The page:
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Celebrating Lindy Delapenha: A Pioneer in Pompey's History

International Men's Day celebrations continue in lead-up to dedicated fixture

21 November 2023

Club News

Celebrating Lindy Delapenha: A Pioneer in Pompey's History

International Men's Day celebrations continue in lead-up to dedicated fixture

21 November 2023

Following International Men's Day, we take a moment to reflect on the remarkable legacy of Lindy Delapenha – a trailblazer who left an indelible mark on Portsmouth Football Club and the English game as a whole.

His journey with Pompey began in 1948, making him not only the club's first black player in the senior team, but also the inaugural Jamaican to grace the Football League.

Lindy's debut for Portsmouth occurred in November 1948 – a momentous occasion that saw him step onto the pitch against Blackpool in a first division clash.

Little did anyone know that this historic match would be the start of a ground-breaking chapter in Pompey's history.

Although his appearances were limited in his debut season, Lindy played a pivotal role as the side secured their first top-flight title.

The following campaign saw Lindy making five league appearances and an additional one in the FA Cup.

It was in the latter competition that he etched his name into Pompey folklore by scoring his only goal for the club – a memorable strike in a 1-1 third round draw with Norwich.

Despite his contributions as the club defended the title, Lindy was transferred to Middlesbrough at the end of the season.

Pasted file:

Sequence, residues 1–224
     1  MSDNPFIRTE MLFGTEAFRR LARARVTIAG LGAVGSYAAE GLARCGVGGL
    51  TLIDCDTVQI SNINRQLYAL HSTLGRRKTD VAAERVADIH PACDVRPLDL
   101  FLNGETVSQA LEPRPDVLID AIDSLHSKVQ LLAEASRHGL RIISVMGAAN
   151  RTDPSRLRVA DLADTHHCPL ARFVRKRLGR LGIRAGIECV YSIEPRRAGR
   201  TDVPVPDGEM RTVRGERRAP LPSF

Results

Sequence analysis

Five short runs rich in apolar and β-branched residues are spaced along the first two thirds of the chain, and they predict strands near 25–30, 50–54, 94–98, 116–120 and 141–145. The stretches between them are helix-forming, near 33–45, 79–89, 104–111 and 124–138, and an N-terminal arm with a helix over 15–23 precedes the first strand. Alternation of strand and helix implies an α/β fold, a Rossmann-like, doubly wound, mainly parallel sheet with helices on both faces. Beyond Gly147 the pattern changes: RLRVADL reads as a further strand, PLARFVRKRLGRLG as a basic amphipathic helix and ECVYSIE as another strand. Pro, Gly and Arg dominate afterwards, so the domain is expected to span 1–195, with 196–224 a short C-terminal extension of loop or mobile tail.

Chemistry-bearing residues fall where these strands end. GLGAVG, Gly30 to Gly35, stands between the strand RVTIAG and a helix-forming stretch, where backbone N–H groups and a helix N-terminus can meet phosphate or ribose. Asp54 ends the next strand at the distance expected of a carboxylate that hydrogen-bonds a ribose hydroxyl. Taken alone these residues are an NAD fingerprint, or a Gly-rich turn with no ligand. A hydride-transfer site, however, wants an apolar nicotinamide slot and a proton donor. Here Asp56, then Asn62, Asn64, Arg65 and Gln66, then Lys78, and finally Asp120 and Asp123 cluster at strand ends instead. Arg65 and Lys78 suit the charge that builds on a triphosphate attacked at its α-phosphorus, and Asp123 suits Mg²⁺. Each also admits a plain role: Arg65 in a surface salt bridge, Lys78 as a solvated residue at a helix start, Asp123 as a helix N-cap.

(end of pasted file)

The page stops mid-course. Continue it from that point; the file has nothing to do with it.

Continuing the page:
Colin Farmery, chair of the Pompey History Society, described his significance in the club's history.

He said “Despite the fact his Pompey career was relatively brief, his contribution to the fabric of both Portsmouth FC and the English game is significant."

In a time when racial diversity in football faced significant challenges, Lindy Delapenha broke through barriers, leaving an enduring legacy that resonates to this day.

Farmery added: “He is also believed to be the first black player to have contributed to a championship-winning team in England and, were the rules in place then as they are today, would have been entitled to a title-winner's medal to show for his efforts in 1949/50."

Lindy's connection with Fratton Park endured throughout his life and he maintained fond memories of his time with Pompey until his passing in 2017.

As we honour Lindy Delapenha as part of International Men's Day, we recognise him as a true Pompey pioneer – a man who defied the odds, broke down barriers and paved the way for future generations of footballers.


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